Welcome to the new – and hopefully temporary – reality. If you are not a regular work-from-home (WFH) worker here are a few things I have learned during my transition from office to home.
I worked in an office for most of my career but about ten years ago I set up shop at home. It was an interesting, and at times difficult, transition but I made it work. Here are a few suggestions that may make your transition a little easier:
- Make a Space – Balancing your laptop on your knees while sitting on the couch will get old very quickly. You need to designate an “office” space. That will keep you organized and also put you into an “at work” frame of mind. Ideally, it will be someplace you can close off – especially if you have kids at home.
- Keep a Schedule – Good news! You just got back several hours of your day because your daily commute is now measured in steps not traffic. This will free up your morning a bit so dedicate that to some “me” or family time. Keep as close to your regular hours as possible. Beware the “working late” trap. It is easy to stay on the computer when you don’t have to beat the traffic.
- Stay Secure – I’m referring to your computer. If you are accessing your work through a portal your company likely has some rigid guidelines in place. You also need to make sure your computer is secure. If you cannot afford one of the paid services AVG is a good free one (avg.com)
- Discipline/Focus – Working from home is fraught with distractions. Whether it’s your family, pets or incessant YouTube videos – you need police your time. At the same time, don’t become a workaholic. One hard rule I have is that I will not watch any TV until after 5:30 because it would be very easy to binge your day away.
- Distraction – That said, let’s be real. In an eight-hour workday, no one actually works for the non-stop for the entire day. Take time out for lunch, walk around the house, step outside (avoiding other people) or just simply stretch. It is very easy to sit at your computer the entire day. You don’t do that at the office so don’t do it at home.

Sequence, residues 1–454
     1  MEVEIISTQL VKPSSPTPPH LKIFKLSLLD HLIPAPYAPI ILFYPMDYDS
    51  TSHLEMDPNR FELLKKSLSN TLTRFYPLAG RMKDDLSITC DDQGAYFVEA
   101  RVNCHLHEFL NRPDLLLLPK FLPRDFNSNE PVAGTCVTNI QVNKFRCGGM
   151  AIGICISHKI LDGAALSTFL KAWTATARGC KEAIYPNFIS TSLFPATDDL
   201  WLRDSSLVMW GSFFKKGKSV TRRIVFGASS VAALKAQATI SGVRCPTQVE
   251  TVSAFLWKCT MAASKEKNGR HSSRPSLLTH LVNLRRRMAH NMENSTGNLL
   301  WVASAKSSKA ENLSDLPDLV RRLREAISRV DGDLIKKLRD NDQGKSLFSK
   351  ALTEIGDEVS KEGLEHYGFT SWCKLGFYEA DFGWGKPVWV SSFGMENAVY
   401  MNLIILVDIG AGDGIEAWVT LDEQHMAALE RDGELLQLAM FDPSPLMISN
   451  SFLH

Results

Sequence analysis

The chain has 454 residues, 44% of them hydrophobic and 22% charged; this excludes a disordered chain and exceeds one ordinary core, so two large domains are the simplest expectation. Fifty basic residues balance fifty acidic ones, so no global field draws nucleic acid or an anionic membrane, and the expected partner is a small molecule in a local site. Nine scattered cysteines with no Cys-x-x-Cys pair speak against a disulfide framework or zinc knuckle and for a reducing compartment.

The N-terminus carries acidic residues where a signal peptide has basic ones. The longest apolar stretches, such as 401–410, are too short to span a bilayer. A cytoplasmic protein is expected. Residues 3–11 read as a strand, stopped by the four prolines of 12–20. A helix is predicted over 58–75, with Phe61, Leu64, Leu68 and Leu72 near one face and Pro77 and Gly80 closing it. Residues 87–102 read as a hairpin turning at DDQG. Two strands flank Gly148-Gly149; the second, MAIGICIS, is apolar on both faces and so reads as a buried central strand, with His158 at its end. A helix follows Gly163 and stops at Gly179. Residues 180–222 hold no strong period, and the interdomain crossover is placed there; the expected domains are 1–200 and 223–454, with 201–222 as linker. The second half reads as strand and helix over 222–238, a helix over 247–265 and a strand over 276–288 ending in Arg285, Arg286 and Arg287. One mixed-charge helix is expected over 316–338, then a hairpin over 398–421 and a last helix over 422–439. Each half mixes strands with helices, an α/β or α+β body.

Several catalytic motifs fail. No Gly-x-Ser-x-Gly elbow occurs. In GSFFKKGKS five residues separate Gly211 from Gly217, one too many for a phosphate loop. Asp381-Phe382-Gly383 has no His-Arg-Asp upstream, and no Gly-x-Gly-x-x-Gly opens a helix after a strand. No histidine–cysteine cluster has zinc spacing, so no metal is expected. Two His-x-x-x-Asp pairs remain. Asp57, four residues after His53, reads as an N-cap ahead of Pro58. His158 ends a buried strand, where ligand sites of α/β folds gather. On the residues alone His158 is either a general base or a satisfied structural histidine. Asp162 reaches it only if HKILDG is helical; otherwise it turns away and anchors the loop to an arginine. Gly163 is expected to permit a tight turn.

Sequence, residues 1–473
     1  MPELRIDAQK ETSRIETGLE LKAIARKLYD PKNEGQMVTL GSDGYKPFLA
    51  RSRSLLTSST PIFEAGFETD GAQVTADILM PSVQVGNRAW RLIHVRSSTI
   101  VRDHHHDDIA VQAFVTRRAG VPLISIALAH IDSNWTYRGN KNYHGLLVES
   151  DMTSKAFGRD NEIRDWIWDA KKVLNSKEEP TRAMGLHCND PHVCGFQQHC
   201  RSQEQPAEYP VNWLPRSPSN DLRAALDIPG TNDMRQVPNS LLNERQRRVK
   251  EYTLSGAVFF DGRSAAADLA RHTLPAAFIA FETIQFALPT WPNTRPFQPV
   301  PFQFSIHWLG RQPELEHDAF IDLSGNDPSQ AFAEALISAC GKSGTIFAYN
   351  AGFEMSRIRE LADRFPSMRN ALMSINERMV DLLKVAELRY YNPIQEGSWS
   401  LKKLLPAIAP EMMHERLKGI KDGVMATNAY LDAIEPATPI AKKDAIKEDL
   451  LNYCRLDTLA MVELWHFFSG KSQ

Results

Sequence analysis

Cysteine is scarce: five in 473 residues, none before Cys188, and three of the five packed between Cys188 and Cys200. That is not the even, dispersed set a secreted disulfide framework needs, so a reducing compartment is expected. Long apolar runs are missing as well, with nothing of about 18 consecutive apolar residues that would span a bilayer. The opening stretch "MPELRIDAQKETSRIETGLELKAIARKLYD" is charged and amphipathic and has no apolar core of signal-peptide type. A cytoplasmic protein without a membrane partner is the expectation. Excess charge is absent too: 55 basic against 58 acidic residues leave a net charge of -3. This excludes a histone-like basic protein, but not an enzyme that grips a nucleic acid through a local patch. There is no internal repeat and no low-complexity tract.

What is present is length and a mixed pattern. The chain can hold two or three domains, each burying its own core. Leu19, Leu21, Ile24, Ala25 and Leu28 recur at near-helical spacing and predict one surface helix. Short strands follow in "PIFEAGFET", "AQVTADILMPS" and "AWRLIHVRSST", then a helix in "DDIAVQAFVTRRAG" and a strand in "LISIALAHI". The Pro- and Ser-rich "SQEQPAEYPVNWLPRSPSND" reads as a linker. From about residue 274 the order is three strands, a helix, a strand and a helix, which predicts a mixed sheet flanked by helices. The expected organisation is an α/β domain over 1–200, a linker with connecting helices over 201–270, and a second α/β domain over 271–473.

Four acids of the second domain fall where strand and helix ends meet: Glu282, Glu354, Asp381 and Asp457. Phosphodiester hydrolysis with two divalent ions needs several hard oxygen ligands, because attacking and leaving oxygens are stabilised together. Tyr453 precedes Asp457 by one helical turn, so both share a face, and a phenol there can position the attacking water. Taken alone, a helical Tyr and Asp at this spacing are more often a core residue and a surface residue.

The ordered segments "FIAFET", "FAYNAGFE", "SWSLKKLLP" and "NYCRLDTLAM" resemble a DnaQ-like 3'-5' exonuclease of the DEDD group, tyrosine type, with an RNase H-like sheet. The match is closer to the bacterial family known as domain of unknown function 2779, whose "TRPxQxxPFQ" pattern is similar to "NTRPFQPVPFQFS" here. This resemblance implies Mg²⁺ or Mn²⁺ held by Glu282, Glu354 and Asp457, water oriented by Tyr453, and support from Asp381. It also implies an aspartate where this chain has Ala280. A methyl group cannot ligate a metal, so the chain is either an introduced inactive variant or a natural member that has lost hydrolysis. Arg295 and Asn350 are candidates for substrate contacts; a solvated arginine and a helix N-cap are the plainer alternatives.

- Interaction – This is the hardest part of the work from home experience. You find that you will begin to miss those casual interactions that are a normal part of your workday. Instead of quick conversations most of your communications will be via e-mail. Fortunately, we have so many digital platforms that allow us to connect visually you can mitigate the isolation – a bit.
- Wardrobe – You can certainly take “business casual” down a notch. However, lying around in your sweats all day is no way to go through life. Going to work is a routine and getting dressed is an important part of that ritual. You don’t have to “suit up” but looking presentable will put you in a more work-friendly frame of mind. Chances are you will be doing a lot of video conferencing. Take a tip from TV anchors – make sure you look good from the waist up.
- Reward Yourself – You are transitioning from a shared environment to a personal space. You can listen to music on speakers and turn it up as loud as you want. Or, put in those ear buds so the family won’t disturb you. Play with your pets – they will relish the extra attention. Get to those projects you’ve been putting off or avoiding. Reach out to friends and family. Order out – the restaurants need our help. And, make something more complicated than a sandwich.
These are trying times, for sure, but we are all sharing the same experience. It will eventually end so we each must do the best we can to endure.
What suggestions do you have for making your WFH time more productive?